TV news consumers prefer bulletins over debates, says new survey

News channels are the dominant avenue of news for most Indians, though private channels – which make up 40 percent of all channels on TV – aren’t as trusted as newspapers. And only six percent of respondents get their news through the internet or social media. 

These are some of the findings of a survey conducted by the Lokniti programme at the Centre for the Study of Developing Studies, or CSDS, and German political foundation Konrad Adenauer Stiftung. Covering a sample size of 7,463 Indians aged above 15 years across 19 states, CSDS said respondents came from both urban and rural backgrounds, and were representative on the axes of gender, age, class and literacy.

The survey, which was released last week, sheds light on how news is consumed in India, among other behavioural trends. Its findings might be unencouraging for news websites, which stood behind newspapers and television news channels in terms of source of news and trust.

Nearly half the news consumers said they preferred news bulletins to debates on news channels – a likely sign that the decade-old popularity of the format is perhaps waning.

When asked about which medium they mostly obtained news from, 42 percent of respondents said television. Only one-seventh of this – six percent – chose newspapers and 22 percent chose “new media”, or news available on the internet, social media or mobile phone.

Three out of four Indians above 15, the survey said, accessed news through news channels, with 51 percent of them tuning in to Hindi news channels, only one percent to English ones, and 48 percent to news channels in other languages. Half of respondents read newspapers and just over a third of them visited news websites.

The numbers of trust levels, however, told a slightly different story. Sixty percent of Indians either “strongly trust” or “somewhat trust” newspapers, corresponding to only 41 percent for private news channels. A third of the news consumers said they either “don’t trust much” or “don’t trust” such channels at all.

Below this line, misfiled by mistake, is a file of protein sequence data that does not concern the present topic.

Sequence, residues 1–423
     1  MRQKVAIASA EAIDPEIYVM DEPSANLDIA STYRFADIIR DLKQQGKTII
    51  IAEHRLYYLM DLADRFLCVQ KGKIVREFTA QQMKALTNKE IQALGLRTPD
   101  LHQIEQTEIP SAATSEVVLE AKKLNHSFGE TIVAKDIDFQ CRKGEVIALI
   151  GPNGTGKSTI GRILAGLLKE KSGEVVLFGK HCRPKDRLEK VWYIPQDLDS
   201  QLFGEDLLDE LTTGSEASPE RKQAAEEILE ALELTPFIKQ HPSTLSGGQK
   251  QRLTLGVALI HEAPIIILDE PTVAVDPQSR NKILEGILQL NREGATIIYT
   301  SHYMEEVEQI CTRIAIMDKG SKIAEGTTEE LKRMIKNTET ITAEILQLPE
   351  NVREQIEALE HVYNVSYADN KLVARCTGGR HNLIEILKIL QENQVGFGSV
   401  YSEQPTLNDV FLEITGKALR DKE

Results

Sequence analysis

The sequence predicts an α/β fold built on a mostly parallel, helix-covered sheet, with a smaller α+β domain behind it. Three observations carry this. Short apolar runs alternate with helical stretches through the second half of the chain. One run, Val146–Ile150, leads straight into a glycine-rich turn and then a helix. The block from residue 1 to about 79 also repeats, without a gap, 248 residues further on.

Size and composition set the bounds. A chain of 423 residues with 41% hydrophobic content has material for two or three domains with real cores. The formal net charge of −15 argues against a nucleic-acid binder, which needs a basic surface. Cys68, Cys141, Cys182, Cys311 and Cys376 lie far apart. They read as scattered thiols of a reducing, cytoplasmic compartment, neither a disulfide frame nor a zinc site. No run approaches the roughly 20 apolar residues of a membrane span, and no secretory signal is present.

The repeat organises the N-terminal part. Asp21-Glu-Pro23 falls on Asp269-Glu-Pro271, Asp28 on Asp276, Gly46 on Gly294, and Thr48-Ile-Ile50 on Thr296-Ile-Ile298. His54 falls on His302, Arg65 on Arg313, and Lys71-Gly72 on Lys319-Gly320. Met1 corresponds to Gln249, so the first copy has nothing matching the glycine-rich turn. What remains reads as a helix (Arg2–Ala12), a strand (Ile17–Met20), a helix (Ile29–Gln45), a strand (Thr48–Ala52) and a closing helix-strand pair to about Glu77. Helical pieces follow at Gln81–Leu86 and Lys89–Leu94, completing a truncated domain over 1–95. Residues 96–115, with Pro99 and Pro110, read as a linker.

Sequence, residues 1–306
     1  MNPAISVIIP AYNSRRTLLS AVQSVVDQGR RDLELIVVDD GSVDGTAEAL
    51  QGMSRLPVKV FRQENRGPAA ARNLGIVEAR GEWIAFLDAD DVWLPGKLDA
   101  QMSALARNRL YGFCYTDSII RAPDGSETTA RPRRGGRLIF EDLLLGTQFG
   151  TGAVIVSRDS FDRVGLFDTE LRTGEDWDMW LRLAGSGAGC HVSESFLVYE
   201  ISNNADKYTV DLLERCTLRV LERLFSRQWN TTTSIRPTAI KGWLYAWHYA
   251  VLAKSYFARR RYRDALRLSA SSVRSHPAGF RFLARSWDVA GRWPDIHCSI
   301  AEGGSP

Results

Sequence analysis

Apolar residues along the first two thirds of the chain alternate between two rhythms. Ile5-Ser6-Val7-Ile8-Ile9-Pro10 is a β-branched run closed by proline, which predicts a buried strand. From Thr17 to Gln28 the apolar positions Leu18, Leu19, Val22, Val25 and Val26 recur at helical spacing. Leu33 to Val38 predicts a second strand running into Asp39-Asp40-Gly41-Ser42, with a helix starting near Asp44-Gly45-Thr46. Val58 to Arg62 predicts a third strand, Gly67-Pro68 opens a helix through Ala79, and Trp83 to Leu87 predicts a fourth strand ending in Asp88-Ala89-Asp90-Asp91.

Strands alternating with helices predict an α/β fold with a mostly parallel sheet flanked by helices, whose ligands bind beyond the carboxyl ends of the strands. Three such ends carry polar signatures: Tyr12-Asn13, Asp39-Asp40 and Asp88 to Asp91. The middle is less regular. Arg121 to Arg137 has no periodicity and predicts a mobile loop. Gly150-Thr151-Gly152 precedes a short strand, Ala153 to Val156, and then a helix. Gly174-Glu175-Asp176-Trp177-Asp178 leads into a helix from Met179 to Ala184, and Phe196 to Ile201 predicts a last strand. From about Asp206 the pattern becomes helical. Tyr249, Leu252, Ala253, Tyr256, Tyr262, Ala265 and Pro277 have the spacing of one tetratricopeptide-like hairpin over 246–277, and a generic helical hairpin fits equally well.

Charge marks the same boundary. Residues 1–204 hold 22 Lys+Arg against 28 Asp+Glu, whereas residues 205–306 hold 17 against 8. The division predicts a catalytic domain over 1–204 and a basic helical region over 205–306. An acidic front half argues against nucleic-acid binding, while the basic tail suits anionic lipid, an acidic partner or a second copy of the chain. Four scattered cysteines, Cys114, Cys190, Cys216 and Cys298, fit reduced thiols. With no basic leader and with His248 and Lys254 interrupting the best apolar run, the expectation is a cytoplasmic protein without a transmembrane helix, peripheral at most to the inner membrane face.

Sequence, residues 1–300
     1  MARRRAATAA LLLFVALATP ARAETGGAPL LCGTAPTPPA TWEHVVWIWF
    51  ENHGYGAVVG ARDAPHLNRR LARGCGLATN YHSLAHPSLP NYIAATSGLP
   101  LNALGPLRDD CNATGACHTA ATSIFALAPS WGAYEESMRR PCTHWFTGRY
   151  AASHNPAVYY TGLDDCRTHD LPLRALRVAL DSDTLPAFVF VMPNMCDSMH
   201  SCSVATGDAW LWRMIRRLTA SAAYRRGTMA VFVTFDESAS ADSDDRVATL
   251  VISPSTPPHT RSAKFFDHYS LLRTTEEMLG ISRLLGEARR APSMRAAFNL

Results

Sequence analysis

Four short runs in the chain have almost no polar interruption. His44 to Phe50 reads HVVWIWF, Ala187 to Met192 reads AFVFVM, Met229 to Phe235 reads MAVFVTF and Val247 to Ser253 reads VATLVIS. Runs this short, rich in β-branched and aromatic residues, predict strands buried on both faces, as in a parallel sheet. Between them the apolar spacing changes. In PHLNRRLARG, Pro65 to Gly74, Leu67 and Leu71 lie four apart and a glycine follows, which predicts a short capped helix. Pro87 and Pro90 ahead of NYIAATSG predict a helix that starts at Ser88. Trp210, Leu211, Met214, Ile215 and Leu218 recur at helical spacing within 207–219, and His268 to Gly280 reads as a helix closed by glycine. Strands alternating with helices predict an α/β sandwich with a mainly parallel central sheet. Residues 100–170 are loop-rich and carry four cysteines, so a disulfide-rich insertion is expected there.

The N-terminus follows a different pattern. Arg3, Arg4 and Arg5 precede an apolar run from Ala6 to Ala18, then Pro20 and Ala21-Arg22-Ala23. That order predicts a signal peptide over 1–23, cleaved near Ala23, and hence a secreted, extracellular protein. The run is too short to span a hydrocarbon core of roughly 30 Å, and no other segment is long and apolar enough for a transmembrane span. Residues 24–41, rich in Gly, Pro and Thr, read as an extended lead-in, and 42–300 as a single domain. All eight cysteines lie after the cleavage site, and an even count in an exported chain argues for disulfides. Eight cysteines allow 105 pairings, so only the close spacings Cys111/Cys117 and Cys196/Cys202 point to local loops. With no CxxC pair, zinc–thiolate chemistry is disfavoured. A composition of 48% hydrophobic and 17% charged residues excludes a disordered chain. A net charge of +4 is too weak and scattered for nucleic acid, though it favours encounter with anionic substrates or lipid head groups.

News by public broadcaster Doordarshan, however, topped the trust table, with 34 percent saying they strongly trust its news channels.

Online news websites fared poorly on trust too. They ranked lowest on the trust metric, below newspapers, news channels and even the government-run All India Radio. Only 11 percent of news consumers said they strongly trust news websites, with 15 percent choosing “don’t trust at all”.

News channel viewers were also asked which format they preferred – “a news bulletin that shows news and reports one after another” or “a programme where particular news is discussed and debated by experts or politicians”. A thumping 49 percent chose news bulletins over debate. Only 12 percent preferred debate over bulletins. 

The survey interpreted this as “a yearning among news consumers to return to the old way of delivering news” – a cue, perhaps, for news channels that rely on the loud and crass model to draw viewership.

The survey also studied the outlook of internet and smartphone users in India towards expression, surveillance, false news and internet shutdowns. It found that “not many social media users in India are posting or expressing their thoughts and opinions on issues” because of the fear of being misunderstood or seen in a bad light.

A majority of online users approved of internet shutdowns for law and order reasons, the survey found, and a significant segment acknowledged government surveillance of their online activity, though without any disapproval.

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